Can ethanol benefit from a drop in oil prices?

A new school of thought has emerged that ethanol may actually benefit from the recent fall in oil prices, to nearly half their level of a few months ago.

The main exponent of this theory is Andrew Topf, writing on OilPrice.com. His logic is sound, and there are a few recent developments to back him up. It isn’t a sure thing, but there is a strong possibility that ethanol could emerge from the current oil price plunge as a winner.

Here’s the argument Topf makes: He acknowledges that ethanol prices have fallen along with gas prices, so the market doesn’t look very promising. Also bedeviling the industry is the foot-dragging by the Environmental Protection Agency, which has not yet set a renewable goal for ethanol for 2014. The EPA is supposed to set a number every year that specifies how much corn ethanol will be consumed. This is supposed to be enough to meet the 10 percent standard that ethanol is supposed to meet in replacing gasoline every year.

Buffeted by this uncertainty, however, the industry has taken its own initiative and started exporting ethanol. To its surprise, the market has proved very favorable. Canada, the Philippines and Japan have all proved to be receptive to the idea of stretching their gasoline supplies with ethanol. Green Plains, Inc., one of the major U.S. producers, is going to export 15 percent of its product in the fourth quarter of 2014. “We are booking export sales into 2015, extending into the third quarter of next year,” Green Plains president and CEO Todd Becker told investors in a conference call in October. “We typically have not seen export interest that far out in the future.”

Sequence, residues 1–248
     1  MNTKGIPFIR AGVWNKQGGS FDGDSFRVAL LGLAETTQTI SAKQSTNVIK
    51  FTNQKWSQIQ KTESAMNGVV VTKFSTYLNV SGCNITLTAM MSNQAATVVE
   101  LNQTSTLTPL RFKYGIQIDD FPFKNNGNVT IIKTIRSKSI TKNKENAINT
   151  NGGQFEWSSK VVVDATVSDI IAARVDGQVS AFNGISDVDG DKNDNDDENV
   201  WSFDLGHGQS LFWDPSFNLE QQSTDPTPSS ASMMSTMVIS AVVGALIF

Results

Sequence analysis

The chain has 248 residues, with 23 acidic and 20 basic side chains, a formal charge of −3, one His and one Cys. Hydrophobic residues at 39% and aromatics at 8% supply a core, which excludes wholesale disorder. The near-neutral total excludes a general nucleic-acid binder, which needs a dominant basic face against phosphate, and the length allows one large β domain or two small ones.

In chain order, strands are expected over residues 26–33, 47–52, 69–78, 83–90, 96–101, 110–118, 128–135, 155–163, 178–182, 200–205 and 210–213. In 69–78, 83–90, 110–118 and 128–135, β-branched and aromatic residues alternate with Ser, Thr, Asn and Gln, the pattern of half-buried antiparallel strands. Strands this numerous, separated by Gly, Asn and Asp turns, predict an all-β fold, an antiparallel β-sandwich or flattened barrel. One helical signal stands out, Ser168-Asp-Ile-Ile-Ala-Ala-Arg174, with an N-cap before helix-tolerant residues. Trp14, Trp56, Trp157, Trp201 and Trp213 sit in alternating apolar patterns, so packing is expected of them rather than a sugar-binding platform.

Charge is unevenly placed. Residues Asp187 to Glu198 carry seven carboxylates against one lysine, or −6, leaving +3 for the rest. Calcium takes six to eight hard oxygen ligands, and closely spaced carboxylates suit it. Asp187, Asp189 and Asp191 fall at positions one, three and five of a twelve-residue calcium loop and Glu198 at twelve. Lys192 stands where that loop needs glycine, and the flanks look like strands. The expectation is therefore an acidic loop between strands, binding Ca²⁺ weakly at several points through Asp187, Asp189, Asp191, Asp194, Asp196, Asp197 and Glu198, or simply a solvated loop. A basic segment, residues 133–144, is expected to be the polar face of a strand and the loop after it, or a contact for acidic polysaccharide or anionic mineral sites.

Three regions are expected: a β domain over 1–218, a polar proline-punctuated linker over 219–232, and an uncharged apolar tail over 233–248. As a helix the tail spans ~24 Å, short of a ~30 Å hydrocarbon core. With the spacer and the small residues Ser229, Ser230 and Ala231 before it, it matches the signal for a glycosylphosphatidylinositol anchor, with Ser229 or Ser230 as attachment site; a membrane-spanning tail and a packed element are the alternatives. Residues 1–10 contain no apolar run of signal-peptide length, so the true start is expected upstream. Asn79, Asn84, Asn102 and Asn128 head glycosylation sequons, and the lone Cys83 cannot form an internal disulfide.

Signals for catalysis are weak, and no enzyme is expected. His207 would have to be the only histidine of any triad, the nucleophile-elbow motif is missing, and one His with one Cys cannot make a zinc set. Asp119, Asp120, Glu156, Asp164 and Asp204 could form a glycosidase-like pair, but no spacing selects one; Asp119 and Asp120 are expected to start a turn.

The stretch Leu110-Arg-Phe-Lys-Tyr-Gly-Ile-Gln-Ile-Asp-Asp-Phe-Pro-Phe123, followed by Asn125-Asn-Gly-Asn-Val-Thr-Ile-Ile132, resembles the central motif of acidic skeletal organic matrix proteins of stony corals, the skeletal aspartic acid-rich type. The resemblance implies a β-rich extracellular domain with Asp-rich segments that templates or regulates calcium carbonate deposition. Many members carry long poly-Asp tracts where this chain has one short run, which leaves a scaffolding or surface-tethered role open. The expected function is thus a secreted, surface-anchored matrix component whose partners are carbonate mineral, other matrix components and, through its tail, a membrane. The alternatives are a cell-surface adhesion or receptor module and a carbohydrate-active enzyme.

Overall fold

The U.S. has pursued contradictory policy on ethanol from the beginning, giving the encouragement of the 10 percent mandate, coupled with subsidies and tax breaks going back to the 1990s. Then became President Bush’s mandates, which guaranteed a market for ethanol through 2023 and also specified a market for cellulosic ethanol, which has never materialized — even though the EPA has charged refiners for a product that didn’t exist.

So what will happen with ethanol amid falling oil prices? One straw in the wind came in South Bend, Indiana, where a corn ethanol plant that had been closed for several years finally reopened. The chances for the plant to succeed are much greater now that corn prices are at their lowest in five years, Purdue University agricultural economics professor Christopher A. Hurt told The Times of Northwest Indiana. “I think the prospects appear to be quite favorable for that plant if they can get it up and running as quickly as possible,” he said. And that doesn’t take into account the possibilities for export to countries that are dependent on imported oil.

The ethanol effort is often criticized as one that wouldn’t even exist were it not for government support that has boosted it all the way. The entire farm bloc are now supporters of ethanol. However, to everyone’s surprise, when the subsidies ended, ethanol production kept increasing!

Now that ethanol has found a market abroad, it is possible that even amidst falling oil prices, the industry will be able to even keep growing. Ethanol still has a high octane level and substitutes for much more noxious chemicals by blending with gasoline. Its role as at least a 10 percent additive seems secure. Now let’s find out if ethanol can find a place in the world market as well.

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